- File Size: 6889 KB
- Print Length: 105 pages
- Page Numbers Source ISBN: 1520420552
- Simultaneous Device Usage: Unlimited
- Publisher: RTW Media; 2 edition (May 1, 2014)
- Publication Date: May 1, 2014
- Sold by: Amazon Digital Services LLC
- Language: English
- ASIN: B00K3660ZA
- Text-to-Speech: Enabled
- Word Wise: Enabled
- Lending: Enabled
- Amazon Best Sellers Rank: #253,810 Paid in Kindle Store (See Top 100 Paid in Kindle Store)
|Print List Price:||$9.99|
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Lima Travel Guide: Insider Advice from Expats in Peru Kindle Edition
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There was some discussion in the book about how widely credit cards are taken. In my experience, in both Lima and Cusco credit cards are taken just about everywhere. In smaller villages, such as in the Sacred Valley, acceptance was limited to the main tourist sites, restaurants and hotels. Your US cards (those without the chip-and-pin system) are not a problem. You swipe them in the little machines and they print out a receipt for you to sign, just as in the US. For ATM’s however, a debit card with a chip sometimes is necessary. Also, to change US dollars or Euros in Lima, look for the money changers walking the streets in Miraflores; they give rates much better than the banks and hotels.
The book also raises concerns about security, especially about certain parts of Lima and about the use of “unauthorized” taxis. While I understand there are problems in most big cities, I never felt a concern in the main areas of downtown Lima and Miraflores. There are police on every corner (or so it seems), and most public buildings and hotels have their own private security guards. Be safe, but don’t worry too much about it.
Get this book and enjoy your trip.
Lima Travel Guide: Insider Advice from Expats in Peru is one of the best travel guides that I’ve ever read. Instead of trying to cover every single point of interest within the country, something that companies like Lonely Planet always try to do, this book focuses on a single location. By narrowing the content down to Lima the information becomes a lot deeper and more significantly more detailed. Restaurants and bars that barely get mentioned in bigger tour books are laid out in detail here.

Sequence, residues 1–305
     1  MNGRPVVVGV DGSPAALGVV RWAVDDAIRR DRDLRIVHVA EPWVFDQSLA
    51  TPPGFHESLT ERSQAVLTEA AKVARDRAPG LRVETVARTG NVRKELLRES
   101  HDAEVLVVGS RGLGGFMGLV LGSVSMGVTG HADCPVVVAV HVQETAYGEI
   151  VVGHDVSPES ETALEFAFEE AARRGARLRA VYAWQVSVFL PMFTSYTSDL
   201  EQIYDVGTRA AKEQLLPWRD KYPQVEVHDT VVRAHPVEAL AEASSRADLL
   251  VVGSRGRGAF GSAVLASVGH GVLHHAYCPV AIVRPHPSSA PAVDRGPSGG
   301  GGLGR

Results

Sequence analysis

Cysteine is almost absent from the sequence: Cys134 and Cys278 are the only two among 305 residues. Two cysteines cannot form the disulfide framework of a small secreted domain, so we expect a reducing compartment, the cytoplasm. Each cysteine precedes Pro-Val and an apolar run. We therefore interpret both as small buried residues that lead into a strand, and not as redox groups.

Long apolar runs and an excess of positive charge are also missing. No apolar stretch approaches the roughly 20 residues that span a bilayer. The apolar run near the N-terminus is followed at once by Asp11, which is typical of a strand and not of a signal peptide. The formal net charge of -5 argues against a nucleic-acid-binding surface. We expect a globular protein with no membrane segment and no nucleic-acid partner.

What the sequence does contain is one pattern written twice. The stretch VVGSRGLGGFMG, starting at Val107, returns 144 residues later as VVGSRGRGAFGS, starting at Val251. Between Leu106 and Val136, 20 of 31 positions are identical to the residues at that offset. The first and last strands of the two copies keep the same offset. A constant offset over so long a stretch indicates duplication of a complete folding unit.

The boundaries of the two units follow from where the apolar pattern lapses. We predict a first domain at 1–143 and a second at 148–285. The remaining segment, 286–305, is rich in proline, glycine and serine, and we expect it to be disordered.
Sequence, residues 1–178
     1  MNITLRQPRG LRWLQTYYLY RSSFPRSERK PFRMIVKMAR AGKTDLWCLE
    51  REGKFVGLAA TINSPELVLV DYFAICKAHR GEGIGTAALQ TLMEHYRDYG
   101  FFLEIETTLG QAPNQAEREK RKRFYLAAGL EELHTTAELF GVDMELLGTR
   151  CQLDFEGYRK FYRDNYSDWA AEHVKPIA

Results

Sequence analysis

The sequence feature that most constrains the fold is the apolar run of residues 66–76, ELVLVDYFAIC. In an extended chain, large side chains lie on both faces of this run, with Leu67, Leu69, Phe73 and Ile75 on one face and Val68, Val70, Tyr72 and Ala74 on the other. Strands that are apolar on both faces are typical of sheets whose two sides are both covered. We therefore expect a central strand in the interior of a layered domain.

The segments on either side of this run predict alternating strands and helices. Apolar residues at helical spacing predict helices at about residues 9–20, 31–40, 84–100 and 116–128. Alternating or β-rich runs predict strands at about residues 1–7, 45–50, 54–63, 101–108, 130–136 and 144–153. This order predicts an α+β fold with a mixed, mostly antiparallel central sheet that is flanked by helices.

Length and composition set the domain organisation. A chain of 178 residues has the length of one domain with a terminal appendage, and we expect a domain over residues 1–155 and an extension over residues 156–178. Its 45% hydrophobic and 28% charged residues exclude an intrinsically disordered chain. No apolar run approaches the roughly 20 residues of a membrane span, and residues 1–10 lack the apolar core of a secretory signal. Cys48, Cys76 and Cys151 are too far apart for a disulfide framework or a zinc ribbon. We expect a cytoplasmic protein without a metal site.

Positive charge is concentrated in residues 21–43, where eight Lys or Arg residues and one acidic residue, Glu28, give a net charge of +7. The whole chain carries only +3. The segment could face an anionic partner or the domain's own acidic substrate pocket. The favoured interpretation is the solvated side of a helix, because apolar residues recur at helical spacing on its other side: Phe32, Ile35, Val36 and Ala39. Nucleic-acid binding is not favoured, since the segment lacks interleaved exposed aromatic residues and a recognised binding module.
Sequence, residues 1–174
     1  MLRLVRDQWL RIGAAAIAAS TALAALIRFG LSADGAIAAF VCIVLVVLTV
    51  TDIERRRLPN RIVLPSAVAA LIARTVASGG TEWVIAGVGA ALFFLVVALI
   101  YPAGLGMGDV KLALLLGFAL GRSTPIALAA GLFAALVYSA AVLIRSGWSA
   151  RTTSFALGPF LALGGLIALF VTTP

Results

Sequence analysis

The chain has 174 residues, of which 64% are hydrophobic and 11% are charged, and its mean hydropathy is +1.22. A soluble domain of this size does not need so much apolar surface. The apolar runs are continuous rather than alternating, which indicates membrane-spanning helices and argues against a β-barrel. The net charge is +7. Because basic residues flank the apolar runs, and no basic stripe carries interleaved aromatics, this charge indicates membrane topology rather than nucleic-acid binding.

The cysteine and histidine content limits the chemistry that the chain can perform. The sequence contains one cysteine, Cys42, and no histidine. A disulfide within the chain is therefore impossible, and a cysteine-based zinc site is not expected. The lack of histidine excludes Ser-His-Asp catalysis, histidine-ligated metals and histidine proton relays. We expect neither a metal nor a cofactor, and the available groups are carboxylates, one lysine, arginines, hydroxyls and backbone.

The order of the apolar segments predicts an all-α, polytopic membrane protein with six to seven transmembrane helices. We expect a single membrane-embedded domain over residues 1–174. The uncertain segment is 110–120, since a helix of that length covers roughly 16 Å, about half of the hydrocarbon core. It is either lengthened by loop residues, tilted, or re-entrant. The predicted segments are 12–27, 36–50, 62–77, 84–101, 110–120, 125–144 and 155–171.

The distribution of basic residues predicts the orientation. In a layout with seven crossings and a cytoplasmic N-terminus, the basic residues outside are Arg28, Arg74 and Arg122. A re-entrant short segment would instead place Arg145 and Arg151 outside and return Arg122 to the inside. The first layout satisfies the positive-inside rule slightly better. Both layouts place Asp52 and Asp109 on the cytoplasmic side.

The other night I was trying to find a restaurant near my apartment. Knowing that my Lonely Planet guide had some good suggestions I decided to thumb through the restaurant section. To do so I had to find the name of each dinner, read the description, and then flip 20 pages back to look at a map showing where each place was located. Lima Travel Guide is very convenient and doesn’t have this issue. Most venues are hyperlinked so that you can see pictures and get a better idea as to where you are going. This was really helpful as it saved me a lot of time and frustration. One click would give me a whole slew of additional data.
Another thing that I really liked about the book was Colin’s expertise. Amazon has a lot of horrible travel guides that were made by copying and pasting information from Google. The information in here is actually backed by legitimate knowledge. Everything feels well researched and there are quite a few tips that I’ve never seen anywhere else.
Lastly, I had been a bit worried that this book was going to turn into a “bro guide.” There are quite a few eBooks floating around that specialize in niches like “Where to buy the best drugs in country X?” or “Brothels of nation Y.” Since Colin has had some pretty wild adventures in the past I was a little worried that I’d end up with a guide to scoring drugs or haggling with prostitutes. This never happens and the book offers practical advice on legal activities throughout.
Overall I liked Lima Travel Guide: Insider Advice from Expats in Peru a lot. The information is solid and more in-depth than my Lonely Planet guidebook. If you’re interested in moving to, or visiting, Lima you should definitely check this out. It has great content and I learned quite a bit from it.
The best parts for me were the depictions of the character of Lima's neighborhoods as well as details on La Punta de Callao. Callao is a hidden gem of sorts, featuring a major port and upscale venues in an area with a bad reputation. I followed the authors' advice to the letter, saw some great sights, felt safe and had great ceviche lunch besides.
I think others would benefit from this book as I did.
Most recent customer reviews
Was hoping for a few suggestions out of the box.